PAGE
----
"The Brandfinder allows brands to put marketing messages in the hands of consumers when they're looking for them," explains Eric Winkler, Vicinity's vice president of marketing. "It doesn't change people's behavior. It's the way they've always shopped." While specific ROI figures weren't available, Winkler says companies paying for Brandfinder listings know the average amount consumers spend per store visit, and that the number of people searching for a specific location can be tracked. So far the service has shown impressive results. He estimates that half the consumers with Brandfinder on their phones and PDAs use it.

Roadblocks and DoubleClick are preparing wireless ad testing programs that may shed even more light on the viability of the medium. However, it's clear that many barriers stand in the way of widespread adoption of wireless marketing. "There's no infrastructure, no decent devices to display ads, and privacy issues are much greater with wireless, especially with location-based marketing," explains Forrester's Nail.

"Opt-in is the only way this will work, and we must continue to build standards for ad types," notes WindWire's Wilson. As Lot21's Peters says, "You won't have the phone ringing every time you pass a store due to the annoyance. Companies will damage their reputations with advertising that isn't accepted by consumers."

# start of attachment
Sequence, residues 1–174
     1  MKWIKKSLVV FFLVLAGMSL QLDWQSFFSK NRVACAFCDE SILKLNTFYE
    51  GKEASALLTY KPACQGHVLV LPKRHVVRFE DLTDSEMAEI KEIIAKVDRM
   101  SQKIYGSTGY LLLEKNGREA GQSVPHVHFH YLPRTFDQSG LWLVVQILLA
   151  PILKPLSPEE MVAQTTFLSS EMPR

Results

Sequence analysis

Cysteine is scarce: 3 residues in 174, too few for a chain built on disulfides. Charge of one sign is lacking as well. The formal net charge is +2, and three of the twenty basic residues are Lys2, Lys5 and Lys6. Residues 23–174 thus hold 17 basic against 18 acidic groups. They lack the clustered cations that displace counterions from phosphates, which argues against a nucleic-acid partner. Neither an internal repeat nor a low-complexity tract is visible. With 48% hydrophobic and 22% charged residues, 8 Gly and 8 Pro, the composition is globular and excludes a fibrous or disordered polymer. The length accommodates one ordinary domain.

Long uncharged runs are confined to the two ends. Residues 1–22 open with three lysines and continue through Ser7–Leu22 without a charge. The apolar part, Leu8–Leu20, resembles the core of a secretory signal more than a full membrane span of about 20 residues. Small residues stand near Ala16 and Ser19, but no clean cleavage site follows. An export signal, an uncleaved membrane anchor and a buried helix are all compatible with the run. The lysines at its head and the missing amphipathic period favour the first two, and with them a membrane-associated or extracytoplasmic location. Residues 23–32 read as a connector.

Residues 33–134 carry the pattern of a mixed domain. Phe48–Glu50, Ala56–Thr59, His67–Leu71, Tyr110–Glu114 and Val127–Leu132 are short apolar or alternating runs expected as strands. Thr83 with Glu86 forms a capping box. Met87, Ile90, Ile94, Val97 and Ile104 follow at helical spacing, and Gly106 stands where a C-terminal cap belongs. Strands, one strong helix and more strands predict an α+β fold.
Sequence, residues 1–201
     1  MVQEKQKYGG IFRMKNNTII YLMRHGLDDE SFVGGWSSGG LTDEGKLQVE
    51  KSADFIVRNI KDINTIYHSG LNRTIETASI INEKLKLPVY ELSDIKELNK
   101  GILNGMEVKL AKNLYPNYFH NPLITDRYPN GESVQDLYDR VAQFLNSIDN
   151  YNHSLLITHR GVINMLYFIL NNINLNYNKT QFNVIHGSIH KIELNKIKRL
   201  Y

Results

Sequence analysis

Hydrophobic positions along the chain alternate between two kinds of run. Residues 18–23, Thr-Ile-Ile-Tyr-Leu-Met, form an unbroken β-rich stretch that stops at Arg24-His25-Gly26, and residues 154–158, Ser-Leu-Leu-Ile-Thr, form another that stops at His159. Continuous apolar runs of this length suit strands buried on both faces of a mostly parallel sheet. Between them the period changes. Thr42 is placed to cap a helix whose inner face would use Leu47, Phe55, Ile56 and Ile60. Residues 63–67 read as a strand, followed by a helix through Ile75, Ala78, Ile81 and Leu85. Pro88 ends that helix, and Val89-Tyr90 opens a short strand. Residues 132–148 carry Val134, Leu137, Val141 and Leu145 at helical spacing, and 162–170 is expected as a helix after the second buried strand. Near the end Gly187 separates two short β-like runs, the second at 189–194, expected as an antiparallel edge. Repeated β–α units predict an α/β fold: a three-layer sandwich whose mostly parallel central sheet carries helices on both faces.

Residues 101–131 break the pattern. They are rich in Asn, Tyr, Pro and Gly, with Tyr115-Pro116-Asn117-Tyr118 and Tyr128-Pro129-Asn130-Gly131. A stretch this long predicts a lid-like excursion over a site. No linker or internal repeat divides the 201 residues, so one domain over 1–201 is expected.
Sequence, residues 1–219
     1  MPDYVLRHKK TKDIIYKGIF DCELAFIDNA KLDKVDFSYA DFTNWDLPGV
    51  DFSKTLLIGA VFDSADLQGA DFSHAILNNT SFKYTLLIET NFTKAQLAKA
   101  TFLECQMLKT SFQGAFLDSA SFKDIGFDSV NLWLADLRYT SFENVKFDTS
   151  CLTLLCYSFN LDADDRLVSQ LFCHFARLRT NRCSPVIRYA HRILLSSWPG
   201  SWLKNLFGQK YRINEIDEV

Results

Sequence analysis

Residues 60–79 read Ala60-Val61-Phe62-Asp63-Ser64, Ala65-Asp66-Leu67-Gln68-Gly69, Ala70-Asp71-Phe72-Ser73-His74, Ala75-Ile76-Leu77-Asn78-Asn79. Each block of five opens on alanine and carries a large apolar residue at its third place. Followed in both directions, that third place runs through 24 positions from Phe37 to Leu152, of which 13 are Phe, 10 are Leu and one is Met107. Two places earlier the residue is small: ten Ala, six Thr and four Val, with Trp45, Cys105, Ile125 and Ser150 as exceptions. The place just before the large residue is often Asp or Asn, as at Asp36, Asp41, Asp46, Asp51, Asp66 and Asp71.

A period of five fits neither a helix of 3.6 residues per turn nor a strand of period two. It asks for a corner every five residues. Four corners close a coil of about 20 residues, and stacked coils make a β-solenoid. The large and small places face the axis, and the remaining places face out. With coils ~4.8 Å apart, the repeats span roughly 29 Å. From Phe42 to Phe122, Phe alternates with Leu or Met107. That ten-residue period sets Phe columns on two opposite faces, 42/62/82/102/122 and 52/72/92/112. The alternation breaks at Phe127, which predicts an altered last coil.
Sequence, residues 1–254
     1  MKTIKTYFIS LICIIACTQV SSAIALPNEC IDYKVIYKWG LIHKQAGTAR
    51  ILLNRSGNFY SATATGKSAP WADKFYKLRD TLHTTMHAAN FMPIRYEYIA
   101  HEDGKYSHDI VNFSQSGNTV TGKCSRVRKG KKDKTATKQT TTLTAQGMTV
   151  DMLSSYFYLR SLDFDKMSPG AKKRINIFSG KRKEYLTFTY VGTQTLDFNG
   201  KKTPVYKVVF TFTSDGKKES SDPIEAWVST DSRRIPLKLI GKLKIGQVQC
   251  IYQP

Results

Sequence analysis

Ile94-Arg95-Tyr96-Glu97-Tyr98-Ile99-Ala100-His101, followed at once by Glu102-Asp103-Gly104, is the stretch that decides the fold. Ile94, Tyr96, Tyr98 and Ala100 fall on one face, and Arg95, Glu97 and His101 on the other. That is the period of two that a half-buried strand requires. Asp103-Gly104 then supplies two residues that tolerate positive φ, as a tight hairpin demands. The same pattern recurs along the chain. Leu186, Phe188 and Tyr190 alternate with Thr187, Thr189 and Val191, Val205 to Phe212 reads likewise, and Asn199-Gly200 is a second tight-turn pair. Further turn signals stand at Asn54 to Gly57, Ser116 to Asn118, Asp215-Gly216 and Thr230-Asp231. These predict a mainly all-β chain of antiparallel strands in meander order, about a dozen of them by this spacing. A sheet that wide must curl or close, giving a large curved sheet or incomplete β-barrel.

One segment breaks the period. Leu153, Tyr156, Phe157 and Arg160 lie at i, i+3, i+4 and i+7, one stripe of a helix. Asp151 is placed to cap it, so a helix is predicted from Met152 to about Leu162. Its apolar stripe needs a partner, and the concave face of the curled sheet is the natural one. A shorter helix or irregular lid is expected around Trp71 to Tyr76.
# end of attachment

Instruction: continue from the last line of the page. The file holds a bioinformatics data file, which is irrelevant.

Vicinity seems to be in a good position on the privacy front since consumers must ask for store locations when they're looking for them, and since his firm doesn't collect any personal information. However, Vicinity's Winkler notes, "The interface is a big barrier in trying to type on a phone, but the introduction of speech recognition technology later in 2001 may help solve that problem."

Of course, speed is also a major issue. "3G will have a huge impact, which will allow for much more creative ads including video," says SkyGo's Tsui. This new standard for high-speed access is still several years away, however. Peters adds that expectations of 3G must be set lower than anticipated, as with most new technologies. Perhaps above all, compelling content must be offered to drive wireless Internet usage in the first place.

So if that Starbucks latte seems a bit cold, no need to worry, since better wireless marketing is on the way. Whether it will continue to be as effective as it appears to be now remains to be seen, and depends at least somewhat on the long-term novelty of the medium and messages not vaporizing.

About David Cotriss
David Cotriss is a freelance writer covering e-commerce and new media topics for many local and national publications. He specializes in wireless and interactive television marketing and advertising.